I don’t believe the line about young people ignoring aviation. Maybe we older pilots don’t see enough action at flight schools, but not all flying happens at major flight centers.
Lots of other avenues are available. For example, EAA has an endowment from the late-aviation philanthropist James Ray that allows the Oshkosh organization to give scholarships for around 100 pilots per year. LAMA is working with EAA right now to add more scholarships; these will be specific to Sport Pilot and must occur in Light-Sport Aircraft. EAA chapters around the country can participate.
Regarding youth coming into aviation, my earlier work shows key numbers. Here’s part of what I wrote…
Most pilots I know think the pilot population is graying quickly and that we may be in danger of running out of pilots. GAMA’s stats say otherwise. The biggest single category may be what you expect with those aged 50-64 counting 179,277 pilots but the surprising second largest segment is close behind. Those aged a young 20-35 years old number 173,396 pilots. The 35-50 cohort is much smaller, perhaps as they are busy raising families and paying for mortgages and college eductions for their kids.
Read the entire article here and learn more.
Welcome New Sport Pilot,
For 15 years at Sun ‘n Fun, LAMA has hosted the LSA Mall in Paradise City. Over that decade and a half, it has become a fixture of the Lakeland, Florida airshow — officially on the map visitors receive as a place of interest. LAMA is grateful to Sun ‘n Fun for helping to make this feature possible.
Setting up the LSA Mall takes some extra hands, so LAMA has used various great volunteers over the years. One young fellow joined us a few years back. His name is Jatniel Acevedo and he is the subject of this article, but not because he’s a volunteer, helpful as that has been.
I was introduced to Jat by my wife, Randee Laskewitz, who is essential in the operation of the LSA Mall. We’ve worked together on the Mall for a decade and a half but I have to give credit where it belongs. As I zoom around the grounds collecting great airplane content for you readers, Randee and the volunteers hold down the fort. Jat is a valuable member of the team.
Randee and I have observed him for several years and have come to be very impressed with him and his aviation-oriented family. The video will provide more detail about this lifelong experience in aviation.
Jatniel attends the Central Florida Aerospace Academy across the street from the Florida Air Museum. It has been a key part of the ever-expanding Sun ‘n Fun campus. At this year’s event, Jat had two big announcements.
He had passed his flight check to become a Sport Pilot. That’s noteworthy by itself. Determination and hard work on his part led to this success but his very supportive family was essential.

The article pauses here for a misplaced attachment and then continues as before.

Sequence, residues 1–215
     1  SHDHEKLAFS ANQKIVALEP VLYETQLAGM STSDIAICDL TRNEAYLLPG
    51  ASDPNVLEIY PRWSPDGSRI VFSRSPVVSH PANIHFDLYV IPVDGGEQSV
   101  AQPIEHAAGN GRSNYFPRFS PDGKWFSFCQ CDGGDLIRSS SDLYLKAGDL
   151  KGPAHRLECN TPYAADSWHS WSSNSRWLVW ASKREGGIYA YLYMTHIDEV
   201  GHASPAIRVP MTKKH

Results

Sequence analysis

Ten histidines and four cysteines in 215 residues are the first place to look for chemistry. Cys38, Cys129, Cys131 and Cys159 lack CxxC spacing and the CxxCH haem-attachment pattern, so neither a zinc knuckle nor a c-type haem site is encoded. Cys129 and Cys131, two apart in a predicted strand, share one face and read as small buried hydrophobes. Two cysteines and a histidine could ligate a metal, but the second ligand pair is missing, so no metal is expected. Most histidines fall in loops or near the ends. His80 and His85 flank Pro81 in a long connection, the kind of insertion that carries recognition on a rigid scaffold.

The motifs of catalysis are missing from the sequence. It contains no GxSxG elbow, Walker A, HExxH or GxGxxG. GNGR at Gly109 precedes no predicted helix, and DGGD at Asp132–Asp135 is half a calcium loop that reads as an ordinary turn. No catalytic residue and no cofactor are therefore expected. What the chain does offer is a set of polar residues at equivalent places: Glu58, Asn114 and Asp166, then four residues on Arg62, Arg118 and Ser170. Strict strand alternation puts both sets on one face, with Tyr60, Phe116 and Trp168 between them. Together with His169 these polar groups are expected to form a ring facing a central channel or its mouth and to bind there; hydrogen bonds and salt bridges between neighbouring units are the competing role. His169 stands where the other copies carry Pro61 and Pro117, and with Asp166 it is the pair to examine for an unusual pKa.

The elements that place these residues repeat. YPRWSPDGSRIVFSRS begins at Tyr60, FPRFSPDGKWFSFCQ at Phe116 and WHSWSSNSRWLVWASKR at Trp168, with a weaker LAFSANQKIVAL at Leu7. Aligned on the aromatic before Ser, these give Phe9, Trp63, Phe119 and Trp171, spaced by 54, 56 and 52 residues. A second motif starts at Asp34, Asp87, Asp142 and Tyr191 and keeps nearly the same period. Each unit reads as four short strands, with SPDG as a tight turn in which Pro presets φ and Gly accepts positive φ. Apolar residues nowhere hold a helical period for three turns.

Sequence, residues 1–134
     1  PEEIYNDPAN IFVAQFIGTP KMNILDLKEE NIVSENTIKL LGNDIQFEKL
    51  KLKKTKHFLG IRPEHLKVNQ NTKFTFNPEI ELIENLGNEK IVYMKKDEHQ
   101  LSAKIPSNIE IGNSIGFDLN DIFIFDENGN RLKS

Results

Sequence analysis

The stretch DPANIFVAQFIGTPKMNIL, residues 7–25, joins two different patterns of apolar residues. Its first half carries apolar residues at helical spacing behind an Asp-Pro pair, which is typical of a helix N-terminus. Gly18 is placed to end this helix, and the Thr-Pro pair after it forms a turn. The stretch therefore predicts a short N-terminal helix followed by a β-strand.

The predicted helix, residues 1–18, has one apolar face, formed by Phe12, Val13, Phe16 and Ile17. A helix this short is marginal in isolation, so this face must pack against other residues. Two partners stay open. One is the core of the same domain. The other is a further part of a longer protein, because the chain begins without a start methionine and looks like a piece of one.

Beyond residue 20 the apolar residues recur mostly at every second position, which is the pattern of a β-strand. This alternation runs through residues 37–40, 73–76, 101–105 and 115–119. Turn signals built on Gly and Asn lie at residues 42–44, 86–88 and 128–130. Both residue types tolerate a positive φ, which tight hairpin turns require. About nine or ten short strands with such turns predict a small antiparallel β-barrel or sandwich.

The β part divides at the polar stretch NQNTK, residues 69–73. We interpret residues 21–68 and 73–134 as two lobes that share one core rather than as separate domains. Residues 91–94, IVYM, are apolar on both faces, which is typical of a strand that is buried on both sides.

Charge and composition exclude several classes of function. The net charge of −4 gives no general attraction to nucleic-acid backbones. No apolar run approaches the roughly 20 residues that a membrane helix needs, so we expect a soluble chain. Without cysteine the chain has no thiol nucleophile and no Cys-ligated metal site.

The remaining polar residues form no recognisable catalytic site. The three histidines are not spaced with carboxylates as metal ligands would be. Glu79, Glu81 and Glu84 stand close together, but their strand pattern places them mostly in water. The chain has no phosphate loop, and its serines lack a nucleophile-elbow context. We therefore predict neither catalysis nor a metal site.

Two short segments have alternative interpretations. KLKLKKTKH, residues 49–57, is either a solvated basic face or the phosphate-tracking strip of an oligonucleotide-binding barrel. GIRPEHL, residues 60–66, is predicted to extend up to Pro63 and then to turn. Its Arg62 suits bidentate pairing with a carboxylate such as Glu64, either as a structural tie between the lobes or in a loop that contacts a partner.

In mere weeks, Jat will graduate from CFAA and continue on into college with aviation as his goal.
I’m telling you, folks — if this young man is any example of what’s ahead for aviation in America, all is well. The stories of gloom and doom for aviation are either overblown or just plain wrong.
Jat’s not alone, of course. Many young people around the country — EAA’s flight instruction scholarship winners among them — are pursing aviation. This is only one story but it’s a good one and I am honored to know this young man and wish him all the best as he moves on in his education and then his flying career.
I hope you’ll join me in applauding Jat, other young pilots, plus the mentors, professors, and instructors who have helped these aspiring aviators.
These people are the future of aviation. Dad Ariel and Mom Wanda have good reason to be proud of their son!
Ariel Acevedo, Jatniel’s Dad, wanted to express his deep appreciation for CFI Bo Feldman and Designated Pilot Examiner, Troy Townsend of FliteChek.com for their efforts to help Jat earn his Sport Pilot certificate.
“These days, it is kind of hard to find a DPE that is willing to do the check ride in a Light-Sport Aircraft,” Ariel said, “particularly for aircraft that fly under 87 knots. Bo and Troy were a great resource to keep alive Light-Sport Aircraft [that fly] under 87 knots.”
Lots of LSA enthusiasts are not truly aware that FAA makes a distinction between sub-87 knot aircraft and faster ones. Most fixed wing LSA cruise faster.
When cross-country speed is not the goal, these sub-87s offer a special joy of flight that is not available to most faster aircraft. You can see the countryside at what I call “human speed.” The terrain slips by slowly enough for you to take in the nature, wildlife, and overall beauty of this world. You can’t do that in a biz jet at 500 miles an hour at 25,000 feet.
However, most CFI or Sport Pilot Instructors are focused on the faster aircraft and lack experience themselves in slower flying aircraft.
That’s why Ariel wanted to thank Bo and Troy and FliteChek.com for their willingness and experience with these slower flying machines. Low and slow has a beauty missed by some but these fellows are a great help. I add my thanks to that of Ariel.
Here’s my interview with Jatniel Acevedo. I hope you will watch it and share it. More young people need to learn this story.
For more information about young people headed toward careers in aviation, I recommend you look into AviNation, a publication focused on this subject by a good friend, Jacob Peed.